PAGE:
Lenders, investors, and Wall Street are bracing for another refinancing wave.

With interest rates falling, "we're very close to the point where people are going to be thinking about refinancing" mortgages, said Peter Rubinstein, a senior vice president for mortgage strategy at PaineWebber Inc.

The Mortgage Bankers Association's refinancing index, which serves as a guidepost for investors, has been on what some call a "real tear" recently. On Nov. 14 it stood at 758.2, up from 632.7 a month earlier.

"Investors are more gun-shy about mortgage-backed securities right now, given what's going on in the financial market," said Mark Zandi, chief economist at Regional Financial Associates. "They're going to want a little bit more in terms of yield than if they invested in a Treasury security."

The last refinancing wave in 1993, when mortgage rates dipped below 7%, resulted in record volumes of mortgage security issuance. But some investors got burned when consumers prepaid loans, cutting off interest income.

Investors have already moved to protect their portfolios.

"We have taken some steps to insulate ourselves from prepayment risk," said Donald J. Wingo, senior vice president for corporate investment at NationsBank. "We have been rolling down in coupons over the past couple of months; plus we have purchased some floors as well as some strips," he said, detailing the bank's hedging methods.

NationsBank's investment portfolio in mortgage-backed securities is concentrated in 15-year mortgages because they are less susceptible to prepayment than the 30-year mortgages, Mr. Wingo said.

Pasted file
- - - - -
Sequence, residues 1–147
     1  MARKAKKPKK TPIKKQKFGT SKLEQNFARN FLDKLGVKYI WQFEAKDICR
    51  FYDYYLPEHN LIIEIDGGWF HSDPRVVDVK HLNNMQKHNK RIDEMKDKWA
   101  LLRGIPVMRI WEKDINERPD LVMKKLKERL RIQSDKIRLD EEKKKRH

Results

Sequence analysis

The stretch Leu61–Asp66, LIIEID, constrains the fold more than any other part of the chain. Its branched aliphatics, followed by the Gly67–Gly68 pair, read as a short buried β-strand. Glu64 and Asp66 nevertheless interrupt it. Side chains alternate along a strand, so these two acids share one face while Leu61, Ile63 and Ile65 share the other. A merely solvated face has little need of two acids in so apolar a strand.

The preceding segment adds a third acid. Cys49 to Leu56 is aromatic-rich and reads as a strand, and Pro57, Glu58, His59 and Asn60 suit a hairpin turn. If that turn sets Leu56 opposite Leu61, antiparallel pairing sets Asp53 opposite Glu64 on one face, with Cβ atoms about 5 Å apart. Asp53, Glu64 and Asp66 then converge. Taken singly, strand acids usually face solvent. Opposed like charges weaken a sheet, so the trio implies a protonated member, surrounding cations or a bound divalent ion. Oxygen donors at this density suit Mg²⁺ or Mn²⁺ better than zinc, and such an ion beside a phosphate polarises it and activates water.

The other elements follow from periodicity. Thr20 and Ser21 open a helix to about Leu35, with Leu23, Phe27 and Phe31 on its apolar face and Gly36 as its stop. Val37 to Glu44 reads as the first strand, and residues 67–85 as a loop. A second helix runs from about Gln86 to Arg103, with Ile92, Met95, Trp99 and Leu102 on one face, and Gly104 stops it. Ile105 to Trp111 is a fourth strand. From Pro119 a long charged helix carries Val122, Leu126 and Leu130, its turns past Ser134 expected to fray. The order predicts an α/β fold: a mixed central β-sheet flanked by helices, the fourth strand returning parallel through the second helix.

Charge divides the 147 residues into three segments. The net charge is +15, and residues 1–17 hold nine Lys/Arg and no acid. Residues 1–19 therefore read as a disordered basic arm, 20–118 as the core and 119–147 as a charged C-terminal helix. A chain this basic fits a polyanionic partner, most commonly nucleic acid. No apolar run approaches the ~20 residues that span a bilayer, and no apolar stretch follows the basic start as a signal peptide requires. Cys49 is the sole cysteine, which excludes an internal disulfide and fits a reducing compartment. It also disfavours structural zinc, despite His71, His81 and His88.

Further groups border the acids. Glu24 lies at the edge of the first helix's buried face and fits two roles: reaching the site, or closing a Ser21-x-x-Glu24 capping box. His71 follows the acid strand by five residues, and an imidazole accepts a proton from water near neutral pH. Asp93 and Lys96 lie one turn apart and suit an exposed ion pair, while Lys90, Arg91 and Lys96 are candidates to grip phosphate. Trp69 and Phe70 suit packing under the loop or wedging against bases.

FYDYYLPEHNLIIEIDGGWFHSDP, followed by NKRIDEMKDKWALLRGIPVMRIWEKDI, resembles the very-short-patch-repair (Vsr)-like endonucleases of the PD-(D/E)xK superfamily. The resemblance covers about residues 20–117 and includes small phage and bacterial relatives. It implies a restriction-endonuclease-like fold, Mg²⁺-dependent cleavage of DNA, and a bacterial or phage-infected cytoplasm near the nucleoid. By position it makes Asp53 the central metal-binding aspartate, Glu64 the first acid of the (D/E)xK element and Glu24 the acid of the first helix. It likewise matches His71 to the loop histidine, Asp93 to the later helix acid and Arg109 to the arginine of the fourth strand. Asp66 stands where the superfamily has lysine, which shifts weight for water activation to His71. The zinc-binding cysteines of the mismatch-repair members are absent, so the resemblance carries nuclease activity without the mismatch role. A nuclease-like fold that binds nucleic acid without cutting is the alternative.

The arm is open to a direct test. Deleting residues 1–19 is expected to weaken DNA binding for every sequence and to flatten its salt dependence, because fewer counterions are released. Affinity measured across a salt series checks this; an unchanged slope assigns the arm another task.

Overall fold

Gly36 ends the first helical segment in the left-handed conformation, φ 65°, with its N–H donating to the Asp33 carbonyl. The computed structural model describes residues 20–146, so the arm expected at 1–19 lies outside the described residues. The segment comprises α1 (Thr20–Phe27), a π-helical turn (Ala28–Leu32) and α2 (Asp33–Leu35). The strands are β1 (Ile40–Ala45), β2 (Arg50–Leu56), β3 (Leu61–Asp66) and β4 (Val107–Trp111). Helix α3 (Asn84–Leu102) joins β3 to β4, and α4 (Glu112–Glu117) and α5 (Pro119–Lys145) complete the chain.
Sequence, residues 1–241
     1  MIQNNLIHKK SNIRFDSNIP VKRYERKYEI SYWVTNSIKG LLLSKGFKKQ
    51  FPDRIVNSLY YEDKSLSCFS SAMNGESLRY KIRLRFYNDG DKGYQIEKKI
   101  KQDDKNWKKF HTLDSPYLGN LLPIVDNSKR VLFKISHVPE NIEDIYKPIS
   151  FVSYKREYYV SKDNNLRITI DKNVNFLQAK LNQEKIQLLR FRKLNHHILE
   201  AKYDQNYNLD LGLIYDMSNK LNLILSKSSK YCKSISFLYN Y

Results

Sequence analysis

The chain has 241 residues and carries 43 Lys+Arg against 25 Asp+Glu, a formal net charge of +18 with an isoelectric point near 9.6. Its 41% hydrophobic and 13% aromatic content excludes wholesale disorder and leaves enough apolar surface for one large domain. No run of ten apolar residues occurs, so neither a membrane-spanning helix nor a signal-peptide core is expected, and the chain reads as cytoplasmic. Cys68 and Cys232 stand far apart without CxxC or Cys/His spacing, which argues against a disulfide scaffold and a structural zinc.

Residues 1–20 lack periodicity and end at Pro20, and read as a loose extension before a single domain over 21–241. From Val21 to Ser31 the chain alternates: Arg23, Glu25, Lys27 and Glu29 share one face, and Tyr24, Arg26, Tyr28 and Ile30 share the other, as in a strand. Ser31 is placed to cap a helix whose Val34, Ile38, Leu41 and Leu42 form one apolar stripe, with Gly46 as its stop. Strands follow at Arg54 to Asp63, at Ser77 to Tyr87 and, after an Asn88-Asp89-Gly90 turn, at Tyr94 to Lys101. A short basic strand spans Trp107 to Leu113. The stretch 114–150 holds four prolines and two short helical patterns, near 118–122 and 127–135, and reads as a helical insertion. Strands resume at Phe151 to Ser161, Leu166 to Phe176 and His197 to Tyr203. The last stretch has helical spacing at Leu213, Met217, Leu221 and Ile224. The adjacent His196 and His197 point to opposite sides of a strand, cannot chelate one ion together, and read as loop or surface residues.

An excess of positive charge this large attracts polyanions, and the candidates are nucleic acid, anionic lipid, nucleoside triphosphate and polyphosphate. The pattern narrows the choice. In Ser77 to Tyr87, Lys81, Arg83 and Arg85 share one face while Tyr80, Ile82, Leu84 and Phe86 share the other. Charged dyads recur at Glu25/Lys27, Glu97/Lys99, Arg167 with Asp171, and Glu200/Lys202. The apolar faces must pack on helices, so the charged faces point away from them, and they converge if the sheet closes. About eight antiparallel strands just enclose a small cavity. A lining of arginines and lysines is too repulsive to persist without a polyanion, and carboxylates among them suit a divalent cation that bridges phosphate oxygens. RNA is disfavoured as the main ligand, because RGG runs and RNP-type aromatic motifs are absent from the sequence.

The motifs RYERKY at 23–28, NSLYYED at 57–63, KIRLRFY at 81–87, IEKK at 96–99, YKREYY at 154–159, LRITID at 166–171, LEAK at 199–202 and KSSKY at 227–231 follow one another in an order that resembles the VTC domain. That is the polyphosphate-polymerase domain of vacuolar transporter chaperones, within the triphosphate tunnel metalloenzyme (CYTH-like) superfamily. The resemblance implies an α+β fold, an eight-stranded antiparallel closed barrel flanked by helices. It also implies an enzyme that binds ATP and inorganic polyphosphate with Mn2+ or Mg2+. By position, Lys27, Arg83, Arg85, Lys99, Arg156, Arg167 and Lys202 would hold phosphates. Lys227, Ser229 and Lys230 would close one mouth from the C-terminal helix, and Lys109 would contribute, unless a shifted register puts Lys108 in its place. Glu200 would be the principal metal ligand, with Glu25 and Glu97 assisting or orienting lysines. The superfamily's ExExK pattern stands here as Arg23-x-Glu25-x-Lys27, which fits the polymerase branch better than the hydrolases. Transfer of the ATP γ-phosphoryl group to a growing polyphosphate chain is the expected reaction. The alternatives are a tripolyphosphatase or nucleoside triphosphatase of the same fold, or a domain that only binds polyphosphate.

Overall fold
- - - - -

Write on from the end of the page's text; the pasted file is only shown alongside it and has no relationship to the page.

"As far as interest rates, we think they probably are going to work their way irregularly lower over the course of the next few months," Mr. Wingo said. "That obviously assumes that the fallout from the Pacific Rim filters through our economy into some slowdown." NationsBank expects prepayments to continue to pick up in the spring, he added.

"I think the Street will see probably less mortgage-backed security activity if rates keep falling," said Mr. Wingo. "I think certainly the mortgage-backed security market will lag in a lower rate environment and spreads will continue to widen."

The late fall season is a time when lenders often experience greater numbers of refinancing applications. This year lenders have noticed that homeowners are more educated and prepared to refinance after the refinancing wave four years ago.

Refinancing accounts for about 50% of mortgage applications at Washington Mutual Inc., Seattle, up from about 35% in the summer. But Craig S. Davis, executive vice president of lending and financial services, attributed the change to seasonal factors.

Refinancing activity at HomeBanc Mortgage Corp., Atlanta, has almost doubled in the last 90 to 120 days to between $15 and $20 million per month. "Americans have now learned how to refinance and as a result they are more likely to do so, and it's just a question of financial value that can be obtained," said Patrick S. Flood, president of HomeBanc.

But Mr. Flood said it would probably take another half-point decline in interest rates to create a wave of refinancing comparable to 1993's.

With low rates, Mr. Davis said, "there is the likelihood that we will see continued momentum in the refinancing business. Low rates also bode well for an extremely strong purchase market."

Some economists said the refinancing boom is in its early stages. "It's already started," said Mr. Zandi. "We're in the midst of a fairly significant refinancing wave, and it's been building since the summer.

"Refinancings are accounting for about 45% of total originations," he said. "That's up from about 20% this spring."

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